> > I think it's not so much the size of the kite or board, but rather the
        > > efficiency of the gear in light wind, likely due to smoothness of the water
        > > surface. In other words, since the water is so smooth (in the lighter winds
        > > encountered with larger gear) boardspeed is a higher percentage of windspeed
        > > (compared to in stronger winds). That means the apparent wind is also
        > > higher, relative to the true wind.
        >
        > OK. So the apparent wind effect is due to light wind and not big kites.
        >
        > How about the second question?
        >
        > "
        > However, in real life, it has not been an issue for me in 5-6 knots
        > with the XXXL and the FONE 230 board.
        >
        > Given the fact that I am lighter, but why should the apparent wind
        > effect only applies for heavier person?
        > "
        >
        > Hung.
        >

        --
        ___________________________________________________________

        Eduardo Aldaz Carroll, tel: +41 22 7679153
        CERN, PS Division fax: +41 22 7678510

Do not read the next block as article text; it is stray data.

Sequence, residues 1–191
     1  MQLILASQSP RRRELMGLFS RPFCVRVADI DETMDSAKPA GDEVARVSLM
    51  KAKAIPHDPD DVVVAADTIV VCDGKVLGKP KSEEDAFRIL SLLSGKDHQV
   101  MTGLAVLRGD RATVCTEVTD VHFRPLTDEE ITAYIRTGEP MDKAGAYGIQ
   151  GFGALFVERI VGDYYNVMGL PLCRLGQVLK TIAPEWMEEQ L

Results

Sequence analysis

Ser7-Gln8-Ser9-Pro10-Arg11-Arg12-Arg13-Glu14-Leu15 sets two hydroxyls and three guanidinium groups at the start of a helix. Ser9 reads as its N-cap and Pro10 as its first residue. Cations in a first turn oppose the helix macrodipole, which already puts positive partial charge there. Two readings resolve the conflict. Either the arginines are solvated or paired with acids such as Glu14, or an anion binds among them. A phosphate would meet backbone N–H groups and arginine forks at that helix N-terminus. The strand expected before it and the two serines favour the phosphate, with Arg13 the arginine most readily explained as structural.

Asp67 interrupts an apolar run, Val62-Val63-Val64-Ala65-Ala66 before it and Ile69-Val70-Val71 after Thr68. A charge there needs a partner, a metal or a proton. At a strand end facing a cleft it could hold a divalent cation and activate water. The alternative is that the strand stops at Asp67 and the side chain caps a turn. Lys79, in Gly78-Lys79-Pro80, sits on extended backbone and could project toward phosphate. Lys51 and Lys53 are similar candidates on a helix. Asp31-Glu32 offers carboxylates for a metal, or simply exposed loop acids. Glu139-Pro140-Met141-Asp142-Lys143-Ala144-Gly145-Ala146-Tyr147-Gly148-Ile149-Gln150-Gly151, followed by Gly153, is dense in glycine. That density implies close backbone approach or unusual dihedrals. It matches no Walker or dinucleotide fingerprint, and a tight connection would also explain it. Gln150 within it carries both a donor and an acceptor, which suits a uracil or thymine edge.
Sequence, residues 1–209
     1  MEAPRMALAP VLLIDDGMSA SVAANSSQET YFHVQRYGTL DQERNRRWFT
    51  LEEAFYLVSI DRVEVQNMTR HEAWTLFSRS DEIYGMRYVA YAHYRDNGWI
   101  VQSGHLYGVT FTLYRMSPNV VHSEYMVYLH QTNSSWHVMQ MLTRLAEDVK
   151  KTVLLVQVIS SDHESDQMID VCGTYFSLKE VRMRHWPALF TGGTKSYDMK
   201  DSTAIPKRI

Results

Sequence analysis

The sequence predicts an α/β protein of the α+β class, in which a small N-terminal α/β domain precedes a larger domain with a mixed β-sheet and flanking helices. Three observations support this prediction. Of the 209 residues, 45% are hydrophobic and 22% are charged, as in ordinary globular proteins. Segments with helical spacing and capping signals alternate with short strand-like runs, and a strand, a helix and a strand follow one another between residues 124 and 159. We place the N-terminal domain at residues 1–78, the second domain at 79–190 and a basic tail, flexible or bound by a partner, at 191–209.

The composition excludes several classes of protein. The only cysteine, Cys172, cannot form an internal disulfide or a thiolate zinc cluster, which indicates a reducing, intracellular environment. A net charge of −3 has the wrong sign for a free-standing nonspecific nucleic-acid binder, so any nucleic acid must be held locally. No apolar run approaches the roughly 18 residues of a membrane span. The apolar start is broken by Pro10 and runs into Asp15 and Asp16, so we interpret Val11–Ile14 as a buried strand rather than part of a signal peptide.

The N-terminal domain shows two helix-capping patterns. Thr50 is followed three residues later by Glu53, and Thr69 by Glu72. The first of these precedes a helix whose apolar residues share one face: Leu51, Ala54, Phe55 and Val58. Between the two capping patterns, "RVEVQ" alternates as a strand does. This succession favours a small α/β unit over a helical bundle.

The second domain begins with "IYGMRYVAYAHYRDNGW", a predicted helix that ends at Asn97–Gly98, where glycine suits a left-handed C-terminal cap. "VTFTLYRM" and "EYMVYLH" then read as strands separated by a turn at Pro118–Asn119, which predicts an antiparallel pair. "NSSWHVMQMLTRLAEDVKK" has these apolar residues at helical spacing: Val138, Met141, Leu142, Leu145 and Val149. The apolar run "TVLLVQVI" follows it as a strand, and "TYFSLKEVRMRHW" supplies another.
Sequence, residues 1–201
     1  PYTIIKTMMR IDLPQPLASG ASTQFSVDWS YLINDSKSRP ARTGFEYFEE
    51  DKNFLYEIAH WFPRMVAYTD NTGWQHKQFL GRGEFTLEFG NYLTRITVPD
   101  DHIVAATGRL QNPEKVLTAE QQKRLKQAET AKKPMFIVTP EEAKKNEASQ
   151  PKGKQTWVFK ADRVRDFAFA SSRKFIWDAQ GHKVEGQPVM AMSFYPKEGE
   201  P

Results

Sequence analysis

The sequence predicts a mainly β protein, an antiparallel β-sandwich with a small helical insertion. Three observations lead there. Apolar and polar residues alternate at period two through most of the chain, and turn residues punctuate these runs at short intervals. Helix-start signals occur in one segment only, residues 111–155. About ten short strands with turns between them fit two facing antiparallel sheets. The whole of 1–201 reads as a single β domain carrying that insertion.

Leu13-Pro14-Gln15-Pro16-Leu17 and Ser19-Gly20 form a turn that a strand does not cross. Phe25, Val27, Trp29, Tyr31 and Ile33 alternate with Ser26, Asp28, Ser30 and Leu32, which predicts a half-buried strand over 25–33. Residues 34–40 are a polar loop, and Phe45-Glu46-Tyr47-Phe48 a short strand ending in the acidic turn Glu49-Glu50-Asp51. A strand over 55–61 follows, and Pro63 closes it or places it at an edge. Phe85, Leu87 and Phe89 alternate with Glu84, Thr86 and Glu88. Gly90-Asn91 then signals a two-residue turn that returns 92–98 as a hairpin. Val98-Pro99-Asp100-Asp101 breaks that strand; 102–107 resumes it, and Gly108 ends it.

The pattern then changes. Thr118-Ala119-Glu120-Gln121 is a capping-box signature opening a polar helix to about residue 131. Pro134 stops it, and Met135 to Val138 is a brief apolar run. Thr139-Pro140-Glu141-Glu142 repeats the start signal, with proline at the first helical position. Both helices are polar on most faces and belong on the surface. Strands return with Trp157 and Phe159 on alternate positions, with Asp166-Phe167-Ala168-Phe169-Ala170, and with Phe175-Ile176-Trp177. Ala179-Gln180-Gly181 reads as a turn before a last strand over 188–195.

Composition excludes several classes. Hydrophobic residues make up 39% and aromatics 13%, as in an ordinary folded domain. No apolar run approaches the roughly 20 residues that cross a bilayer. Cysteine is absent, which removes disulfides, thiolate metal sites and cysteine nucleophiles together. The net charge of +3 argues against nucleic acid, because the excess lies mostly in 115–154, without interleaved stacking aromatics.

CH-1211 Geneva 23, Switzerland.
        ___________________________________________________________
      • kiteboard@aol.com
        hungvu@netcom.ca (Hung Vu) writes: Keep in mind that skill & a board
        Message 3 of 8 , Oct 22, 2000
        • 0 Attachment
          hungvu@... (Hung Vu) writes:

          << it has not been an issue for me in 5-6 knots
          with the XXXL and the FONE 230 board. >>

          Keep in mind that skill & a board that rails well will keep the nose from
          being pulled off the wind, & allow you to point to control speed. Where you
          ride it may be less gusty when it's light too. Assuming you are fully
          powered up (once up to speed), the only other thing I can think of is that
          the board may be too big, & therefore slowing you down, reducing the apparent
          wind.

          << Given the fact that I am lighter, but why should the apparent wind
          effect only applies for heavier person? >>

          Right now I can't think how rider weight would make a difference (but I may
          come up with somthing later!).

          AND:Eduardo.Aldaz.Carroll@... (Eduardo ALDAZ CARROLL) writes:

          <<However the apparent wind exists always, regardless of the force of the
          wind or the gear your using. >>

          I know it always exists, & did not mean to imply otherwise, just that since
          in lighter wind (flatter water) boat speed is higher (relative to true wind),